January 26, 2023
16:30-18:00 IL time (15:30 Italy)
Venice in modern history has gone through violent processes, such as heavy industrialization, environmental crisis and overtourism. Following the approach of the lecture series, I shall attempt to read some of the recent cultural, economic, social and economic transformations through the categories of "global" and "local", considering the fact that the city attracts world attention and interests (also being super exposed to globalization) and, at the same time, even though the population is shrinking, the lagoon environmental setting and the tangible heritage guarantee and consolidate a strong sense of place and still a peculiar life-style and identity.
B.Sc. (Econ.) in History and Government (LSE), Laurea in History (Ca’ Foscari), Ph.D. in Italian Studies (Reading). Vice Dean, Director of the Globalization Program at VIU, where he has taught every semester since the beginning of academic activities in 1997. Scientific coordinator of the interdisciplinary professors’ and students’ Project at Global Governance, Tor Vergata, University of Rome. Was Professor of Modern and Contemporary History at the San Raffaele University in Milan. Taught Urban and Contemporary History at Iuav and Contemporary History at Ca’ Foscari University of Venice. Was recognized Adjunct Associate Professor of European Studies at Duke (2011-2016). Published mostly on Venetian 19th- 21st Century Cultural and Social History, on the Methodology of Local and Urban History and of History of the Present. Research and teaching areas include Cinema and History, Italian Society, History of Historiography, Diaries and Historiography, Venice in the 21st Century.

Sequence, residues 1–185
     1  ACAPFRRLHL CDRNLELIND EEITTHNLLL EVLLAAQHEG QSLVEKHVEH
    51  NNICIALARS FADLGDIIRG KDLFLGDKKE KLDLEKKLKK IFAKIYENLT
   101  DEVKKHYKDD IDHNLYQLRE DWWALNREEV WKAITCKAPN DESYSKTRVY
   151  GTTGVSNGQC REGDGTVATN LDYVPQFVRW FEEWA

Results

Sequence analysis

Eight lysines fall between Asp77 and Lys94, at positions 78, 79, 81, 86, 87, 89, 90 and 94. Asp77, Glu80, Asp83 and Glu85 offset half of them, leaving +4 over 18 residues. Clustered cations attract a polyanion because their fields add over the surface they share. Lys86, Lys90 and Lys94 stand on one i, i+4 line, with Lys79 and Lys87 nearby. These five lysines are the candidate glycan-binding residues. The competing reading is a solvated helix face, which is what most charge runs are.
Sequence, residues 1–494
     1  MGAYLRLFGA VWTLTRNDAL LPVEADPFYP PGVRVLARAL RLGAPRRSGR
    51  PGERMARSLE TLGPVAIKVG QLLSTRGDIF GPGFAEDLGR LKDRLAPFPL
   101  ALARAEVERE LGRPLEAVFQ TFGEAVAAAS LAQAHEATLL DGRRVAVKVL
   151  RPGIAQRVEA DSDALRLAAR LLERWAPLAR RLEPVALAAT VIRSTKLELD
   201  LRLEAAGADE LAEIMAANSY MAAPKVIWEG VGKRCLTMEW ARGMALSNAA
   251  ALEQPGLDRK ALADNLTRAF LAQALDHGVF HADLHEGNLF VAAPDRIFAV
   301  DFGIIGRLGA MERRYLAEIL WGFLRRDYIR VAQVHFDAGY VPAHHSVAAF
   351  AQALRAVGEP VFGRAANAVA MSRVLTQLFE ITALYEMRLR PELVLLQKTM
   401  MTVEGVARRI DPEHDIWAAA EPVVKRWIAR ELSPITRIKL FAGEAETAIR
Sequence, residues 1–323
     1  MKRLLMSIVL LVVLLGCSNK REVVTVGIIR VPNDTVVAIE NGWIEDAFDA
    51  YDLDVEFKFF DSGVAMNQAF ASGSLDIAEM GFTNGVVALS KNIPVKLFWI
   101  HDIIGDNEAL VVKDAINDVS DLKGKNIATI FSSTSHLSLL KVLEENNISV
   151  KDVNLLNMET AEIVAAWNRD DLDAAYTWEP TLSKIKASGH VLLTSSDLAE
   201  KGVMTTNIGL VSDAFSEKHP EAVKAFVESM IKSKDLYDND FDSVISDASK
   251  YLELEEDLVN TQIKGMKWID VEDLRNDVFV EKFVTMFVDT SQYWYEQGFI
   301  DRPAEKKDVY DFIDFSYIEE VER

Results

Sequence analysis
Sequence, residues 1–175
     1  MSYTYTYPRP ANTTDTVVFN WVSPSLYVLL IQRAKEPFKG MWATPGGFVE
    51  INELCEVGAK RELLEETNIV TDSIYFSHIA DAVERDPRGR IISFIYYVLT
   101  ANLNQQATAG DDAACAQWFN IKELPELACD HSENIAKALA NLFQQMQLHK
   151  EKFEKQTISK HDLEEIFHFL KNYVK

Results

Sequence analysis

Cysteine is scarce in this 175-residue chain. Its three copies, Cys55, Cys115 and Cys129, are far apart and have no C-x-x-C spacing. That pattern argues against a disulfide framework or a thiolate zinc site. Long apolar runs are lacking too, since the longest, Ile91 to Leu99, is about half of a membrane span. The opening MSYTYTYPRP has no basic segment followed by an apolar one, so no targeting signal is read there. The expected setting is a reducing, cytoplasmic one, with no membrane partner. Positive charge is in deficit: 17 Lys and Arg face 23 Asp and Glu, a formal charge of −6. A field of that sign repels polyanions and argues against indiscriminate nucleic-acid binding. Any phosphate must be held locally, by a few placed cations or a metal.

Venice. Global and Local dimensions of a Lagoon City and Heritage Site